mom’s day

Halloweeen ca. 1984

I went digging for a few old photos of my mother in honor of the holiday and came up with this one. It’s fitting in its way; every Halloween since forever, she’s dressed up as a witch. There was a box of old costumes that lived in our basement that had no fewer than 5 pointy hats in it at any given time.

My mom is also a writer, though she writes mostly non-fiction these days. My dad is a scientist. As far as following in parental footsteps, it could have gone either way; I did pretty well in my English classes in school, but I also excelled at math. Still, I became an editor and a writer, just like my mother. Because, as maybe you can guess from the photo, a part of me wanted to be her.

My mom was always trying to further our education. She has a keen interest in American history, so my brother and I got dragged around to reenactments and documentary screenings and war movies when we were kids. I probably got a better education in history from my mother than I did from school. In 10th grade, for example, I was assigned a paper on the Battle of Gettysburg, and I didn’t even have to go to the library because my mom had so many reference books on the Civil War.

Some branches of my mother’s family have been in the US since the late 1600s, which maybe explains the preoccupation with American history and genealogy. My mother told me at our early Mother’s Day dinner last night that her brother has been doing some research and discovered that we had an ancestor who’d been imprisoned at Andersonville, the worst of the Confederate prison camps during the Civil War. My brother and I both exclaimed “Wow, cool!” (And my brother’s fiancĂ©e, who was also having dinner with us, gave us a blank stare. Although, she and my brother have been together a long time, and he’s about to go back to school to get an advanced degree in history, so she’s kind of used to this.) My mom had a similar reaction, though; it’s one of those things… Andersonville was, by all accounts, a terrible place. The man who ruled over it was hanged for war crimes after the war ended. My ancestor, in fact, died a few weeks after being liberated. But my brother and I got kind of a giddy thrill to know that an ancestor of ours had been a part of this chapter in American history that we knew something about.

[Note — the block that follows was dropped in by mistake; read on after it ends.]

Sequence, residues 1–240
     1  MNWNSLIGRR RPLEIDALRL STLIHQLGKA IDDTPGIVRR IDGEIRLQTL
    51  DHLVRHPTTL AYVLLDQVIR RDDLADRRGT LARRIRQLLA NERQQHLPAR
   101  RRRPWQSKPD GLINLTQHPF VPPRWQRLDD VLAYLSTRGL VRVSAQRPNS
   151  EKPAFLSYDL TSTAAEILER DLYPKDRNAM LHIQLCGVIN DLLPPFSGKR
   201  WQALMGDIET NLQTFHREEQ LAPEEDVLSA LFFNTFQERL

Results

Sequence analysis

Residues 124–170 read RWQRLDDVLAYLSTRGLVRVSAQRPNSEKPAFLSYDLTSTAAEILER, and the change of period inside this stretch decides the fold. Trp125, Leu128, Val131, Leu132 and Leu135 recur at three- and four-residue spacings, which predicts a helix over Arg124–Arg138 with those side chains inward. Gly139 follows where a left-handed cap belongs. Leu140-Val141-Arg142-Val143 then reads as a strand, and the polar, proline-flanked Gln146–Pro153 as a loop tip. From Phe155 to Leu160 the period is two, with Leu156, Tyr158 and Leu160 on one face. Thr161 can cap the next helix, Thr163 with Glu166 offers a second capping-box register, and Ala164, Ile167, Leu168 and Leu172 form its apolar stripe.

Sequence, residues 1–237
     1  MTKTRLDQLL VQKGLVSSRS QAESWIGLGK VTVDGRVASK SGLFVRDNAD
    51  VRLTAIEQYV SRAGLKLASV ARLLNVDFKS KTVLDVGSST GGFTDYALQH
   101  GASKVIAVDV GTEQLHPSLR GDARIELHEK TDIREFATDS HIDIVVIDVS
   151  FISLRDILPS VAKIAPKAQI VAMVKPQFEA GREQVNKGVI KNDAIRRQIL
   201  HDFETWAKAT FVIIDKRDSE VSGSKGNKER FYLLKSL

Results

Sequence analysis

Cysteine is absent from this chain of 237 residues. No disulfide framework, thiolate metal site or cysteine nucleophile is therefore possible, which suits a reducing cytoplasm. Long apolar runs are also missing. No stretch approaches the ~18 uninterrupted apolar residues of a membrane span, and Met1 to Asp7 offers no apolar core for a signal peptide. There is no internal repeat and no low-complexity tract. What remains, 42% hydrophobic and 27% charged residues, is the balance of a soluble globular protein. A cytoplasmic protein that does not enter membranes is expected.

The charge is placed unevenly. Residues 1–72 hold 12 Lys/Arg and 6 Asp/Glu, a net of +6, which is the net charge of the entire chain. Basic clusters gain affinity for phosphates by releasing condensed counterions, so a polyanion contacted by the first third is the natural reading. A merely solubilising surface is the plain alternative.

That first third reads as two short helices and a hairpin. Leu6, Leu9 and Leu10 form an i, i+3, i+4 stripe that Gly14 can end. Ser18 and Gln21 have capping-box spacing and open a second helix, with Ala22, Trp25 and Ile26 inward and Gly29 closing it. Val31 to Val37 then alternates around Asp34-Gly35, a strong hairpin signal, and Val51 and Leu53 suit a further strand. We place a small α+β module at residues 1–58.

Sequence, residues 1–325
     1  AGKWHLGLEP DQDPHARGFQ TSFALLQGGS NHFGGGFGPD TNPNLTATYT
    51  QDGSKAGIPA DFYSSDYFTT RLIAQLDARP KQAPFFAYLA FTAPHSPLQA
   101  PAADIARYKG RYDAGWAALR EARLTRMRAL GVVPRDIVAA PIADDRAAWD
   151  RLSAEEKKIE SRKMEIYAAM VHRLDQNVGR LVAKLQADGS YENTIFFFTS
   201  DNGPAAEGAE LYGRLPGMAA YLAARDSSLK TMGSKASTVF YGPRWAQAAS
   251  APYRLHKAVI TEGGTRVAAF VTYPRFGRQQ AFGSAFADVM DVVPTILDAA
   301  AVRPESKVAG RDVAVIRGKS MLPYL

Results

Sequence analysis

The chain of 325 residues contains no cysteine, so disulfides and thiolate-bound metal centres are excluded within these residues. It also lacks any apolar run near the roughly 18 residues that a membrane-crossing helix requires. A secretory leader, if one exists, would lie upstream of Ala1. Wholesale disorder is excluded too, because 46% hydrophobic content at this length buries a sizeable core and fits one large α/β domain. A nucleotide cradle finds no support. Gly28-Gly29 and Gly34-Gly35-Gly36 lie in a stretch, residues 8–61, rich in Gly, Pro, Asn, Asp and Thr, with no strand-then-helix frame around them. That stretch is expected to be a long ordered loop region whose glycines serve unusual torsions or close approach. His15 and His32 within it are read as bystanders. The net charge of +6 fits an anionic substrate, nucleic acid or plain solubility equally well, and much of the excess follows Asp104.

As an adult, when I read nonfiction, I read mostly history. (My brother recently loaned me David McCullough’s book on the Brooklyn Bridge, which is kind of a doorstopper, but I’m enjoying it so far.) I toy with writing historical fiction. I love to write (and read!) it, but a life spent with my mother makes me leery sometimes, terrified to get the details wrong. (Plus, the historical eras I’m interested in are not so universally appealing. I wrote a chapter of a novel that takes place during the Gilded Age and thought, “Geez, would anyone but me be even remotely interested in this?”)

Although the fact that I’m writing romance at all is maybe my little bit of rebellion. My mom was always reading these weighty, academic tomes (although I knew where she kept her secret stash of pulp sci fi novels) so I hid romance novels in my room when I read them as a teenager. One of the fun things about being an adult is that I don’t even bother to hide those anymore; most of my romance novels are in a bookcase in the hallway right next to the front door of my apartment. It’s like a sign that says, “Abandon all hope ye who enter here.”

So there it is. Blame my mother.